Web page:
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July 29, 2013 | by  | in Arts Film |
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Upstream Color

Upstream Color is a sometimes disorientating journey through what filmmaking can achieve when it really sets its mind to it. Think The Tree of Life, but satisfying. It’s showing at the Festival and I really can’t recommend it enough.

The film’s plot is not easily explained, but it isn’t endlessly confusing either. It is at all times both an endearing love story and a horrific sci-fi excursion. It involves cute piglets, a disturbingly organic mind-control drug, and the work of Henry David Thoreau. Occasionally, the two main characters mix up each other’s memories, or have the same conversation in three different places at three different times. I guarantee it will make sense by the end, and you don’t need to spend the whole film watching out for clues or anything.

Upstream Color is relentlessly controlled. Director Shane Carruth (of Primer fame) also wrote, starred in, scored, shot, edited, and financed the film. It shows. Everything in this film adds perfectly to the overall whole. Every shot, every sound and every line feels completely considered and necessary. Collaboration is great, but there is certainly something to be said for the consistency of vision that Carruth manages to get across here.

This consistency is particularly noticeable in the cinematography. I mentioned The Tree of Life earlier for a reason—the rapidly cut yet controlled handheld shots certainly owe a lot to Malick. Carruth is never content with shooting a scene in the obvious way. Every shot is part and parcel with the mood of the character in shot, from the slidingly smooth car-ride of the drugged female lead to the waveringly panicky shots of her attempting to extract said drug with a kitchen knife. I’ve only seen this film on my television thus far; it will be stupendous on a proper screen.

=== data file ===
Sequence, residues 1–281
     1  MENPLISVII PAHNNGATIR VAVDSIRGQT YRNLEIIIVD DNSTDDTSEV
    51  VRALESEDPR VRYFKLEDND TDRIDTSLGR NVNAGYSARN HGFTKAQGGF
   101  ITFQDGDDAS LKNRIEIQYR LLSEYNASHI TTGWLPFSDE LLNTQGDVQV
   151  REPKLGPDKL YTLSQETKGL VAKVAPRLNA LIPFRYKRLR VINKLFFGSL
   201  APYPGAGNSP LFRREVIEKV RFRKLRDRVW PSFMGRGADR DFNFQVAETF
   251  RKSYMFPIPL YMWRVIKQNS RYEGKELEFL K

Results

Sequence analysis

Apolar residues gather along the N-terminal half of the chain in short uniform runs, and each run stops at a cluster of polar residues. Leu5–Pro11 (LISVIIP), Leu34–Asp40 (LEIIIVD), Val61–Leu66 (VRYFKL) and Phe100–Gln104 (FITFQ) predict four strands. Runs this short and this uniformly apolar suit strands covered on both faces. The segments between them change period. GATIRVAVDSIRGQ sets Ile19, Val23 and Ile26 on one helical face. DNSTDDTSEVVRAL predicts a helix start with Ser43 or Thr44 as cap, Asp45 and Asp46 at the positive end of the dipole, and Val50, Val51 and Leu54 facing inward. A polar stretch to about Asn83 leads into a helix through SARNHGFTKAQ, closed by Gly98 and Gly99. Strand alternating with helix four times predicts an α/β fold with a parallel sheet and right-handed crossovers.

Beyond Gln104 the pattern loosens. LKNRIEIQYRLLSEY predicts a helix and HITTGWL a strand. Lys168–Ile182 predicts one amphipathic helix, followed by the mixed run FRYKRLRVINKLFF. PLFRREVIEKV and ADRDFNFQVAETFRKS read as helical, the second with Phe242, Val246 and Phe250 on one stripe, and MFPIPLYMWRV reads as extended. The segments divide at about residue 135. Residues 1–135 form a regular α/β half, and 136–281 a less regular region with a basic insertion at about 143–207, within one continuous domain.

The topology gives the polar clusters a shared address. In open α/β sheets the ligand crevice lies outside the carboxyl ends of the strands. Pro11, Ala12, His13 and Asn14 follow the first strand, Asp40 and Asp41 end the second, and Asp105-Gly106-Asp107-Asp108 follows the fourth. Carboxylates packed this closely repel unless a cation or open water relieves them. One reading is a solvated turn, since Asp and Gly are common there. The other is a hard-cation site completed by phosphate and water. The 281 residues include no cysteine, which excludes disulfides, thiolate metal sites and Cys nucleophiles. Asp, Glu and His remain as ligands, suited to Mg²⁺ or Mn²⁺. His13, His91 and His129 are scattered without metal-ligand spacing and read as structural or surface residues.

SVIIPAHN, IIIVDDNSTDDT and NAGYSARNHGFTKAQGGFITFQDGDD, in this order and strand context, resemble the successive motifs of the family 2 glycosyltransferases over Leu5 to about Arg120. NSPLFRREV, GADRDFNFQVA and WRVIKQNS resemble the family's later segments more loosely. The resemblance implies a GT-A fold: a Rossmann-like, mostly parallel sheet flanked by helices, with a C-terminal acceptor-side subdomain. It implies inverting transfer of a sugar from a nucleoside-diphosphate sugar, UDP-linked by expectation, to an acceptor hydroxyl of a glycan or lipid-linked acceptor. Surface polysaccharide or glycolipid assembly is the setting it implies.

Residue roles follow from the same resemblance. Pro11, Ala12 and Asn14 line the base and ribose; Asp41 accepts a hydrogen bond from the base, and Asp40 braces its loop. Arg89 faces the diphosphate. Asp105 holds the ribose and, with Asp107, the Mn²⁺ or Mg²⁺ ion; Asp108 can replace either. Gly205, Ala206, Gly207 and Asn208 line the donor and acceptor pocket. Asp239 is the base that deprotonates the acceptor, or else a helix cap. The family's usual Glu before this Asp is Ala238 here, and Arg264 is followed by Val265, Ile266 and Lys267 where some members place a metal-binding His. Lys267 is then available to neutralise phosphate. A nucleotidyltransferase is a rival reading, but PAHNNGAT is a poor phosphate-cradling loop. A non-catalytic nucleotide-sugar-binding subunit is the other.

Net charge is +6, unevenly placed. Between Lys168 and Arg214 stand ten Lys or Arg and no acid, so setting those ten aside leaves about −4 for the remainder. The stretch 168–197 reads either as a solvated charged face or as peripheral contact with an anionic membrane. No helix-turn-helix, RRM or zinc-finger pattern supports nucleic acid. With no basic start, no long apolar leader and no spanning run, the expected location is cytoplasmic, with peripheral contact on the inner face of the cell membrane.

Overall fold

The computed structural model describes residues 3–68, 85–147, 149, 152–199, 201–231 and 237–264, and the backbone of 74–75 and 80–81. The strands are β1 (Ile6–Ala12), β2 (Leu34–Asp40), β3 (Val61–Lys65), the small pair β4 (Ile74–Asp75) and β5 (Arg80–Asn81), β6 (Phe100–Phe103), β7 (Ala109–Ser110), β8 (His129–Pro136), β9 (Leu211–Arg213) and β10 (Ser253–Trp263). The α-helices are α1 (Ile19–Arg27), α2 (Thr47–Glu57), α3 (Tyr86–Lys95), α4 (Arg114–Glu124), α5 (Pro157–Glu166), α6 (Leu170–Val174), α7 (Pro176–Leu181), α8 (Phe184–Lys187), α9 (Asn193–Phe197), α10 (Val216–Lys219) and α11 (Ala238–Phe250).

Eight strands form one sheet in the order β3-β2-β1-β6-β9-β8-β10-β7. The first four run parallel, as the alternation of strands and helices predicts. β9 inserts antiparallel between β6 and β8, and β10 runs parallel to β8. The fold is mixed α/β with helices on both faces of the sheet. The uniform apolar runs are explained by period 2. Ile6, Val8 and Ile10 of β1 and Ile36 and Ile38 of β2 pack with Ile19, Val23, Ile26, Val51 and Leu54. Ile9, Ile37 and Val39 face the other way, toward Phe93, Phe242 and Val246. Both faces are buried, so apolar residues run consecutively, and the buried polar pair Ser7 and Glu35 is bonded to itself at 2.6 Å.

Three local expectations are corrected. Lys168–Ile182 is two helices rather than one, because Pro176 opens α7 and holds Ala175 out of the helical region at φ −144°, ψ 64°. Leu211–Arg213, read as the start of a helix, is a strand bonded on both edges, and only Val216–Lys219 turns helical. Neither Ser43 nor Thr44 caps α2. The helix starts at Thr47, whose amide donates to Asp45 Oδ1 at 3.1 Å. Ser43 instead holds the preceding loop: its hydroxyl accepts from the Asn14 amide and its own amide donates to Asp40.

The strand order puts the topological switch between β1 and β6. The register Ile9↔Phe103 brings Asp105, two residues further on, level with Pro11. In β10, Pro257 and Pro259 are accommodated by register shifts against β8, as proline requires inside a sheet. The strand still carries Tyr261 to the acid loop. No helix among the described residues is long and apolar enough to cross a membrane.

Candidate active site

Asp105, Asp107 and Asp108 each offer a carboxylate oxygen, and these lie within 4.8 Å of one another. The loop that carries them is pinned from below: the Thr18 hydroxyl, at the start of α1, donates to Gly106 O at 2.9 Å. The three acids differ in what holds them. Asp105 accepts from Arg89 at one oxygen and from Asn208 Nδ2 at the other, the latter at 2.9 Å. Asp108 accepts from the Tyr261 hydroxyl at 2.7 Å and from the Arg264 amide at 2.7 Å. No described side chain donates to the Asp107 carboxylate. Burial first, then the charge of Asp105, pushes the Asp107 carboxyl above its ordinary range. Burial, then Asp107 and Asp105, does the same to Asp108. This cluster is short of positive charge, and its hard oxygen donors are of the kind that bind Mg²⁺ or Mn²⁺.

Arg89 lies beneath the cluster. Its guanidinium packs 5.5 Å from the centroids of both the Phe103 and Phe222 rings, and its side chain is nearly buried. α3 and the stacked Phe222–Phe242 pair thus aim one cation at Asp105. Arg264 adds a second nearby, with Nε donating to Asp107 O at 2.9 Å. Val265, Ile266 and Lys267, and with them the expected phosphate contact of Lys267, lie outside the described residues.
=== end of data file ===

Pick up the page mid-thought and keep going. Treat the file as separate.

It’s not all good. While it has a happy(ish) ending,  Upstream Color is perhaps a little dark for some, and the dialogue is interesting but a little too sparse to really impress. The film feels slightly claustrophobic at times, with Carruth’s singular vision not leaving much room to breathe, which you can take as a plus or minus. Still, it’s definitely a worthy successor to Primer, and undoubtedly a highlight of the Festival. If you have even a passing interest in film or narrative, book your ticket fast.


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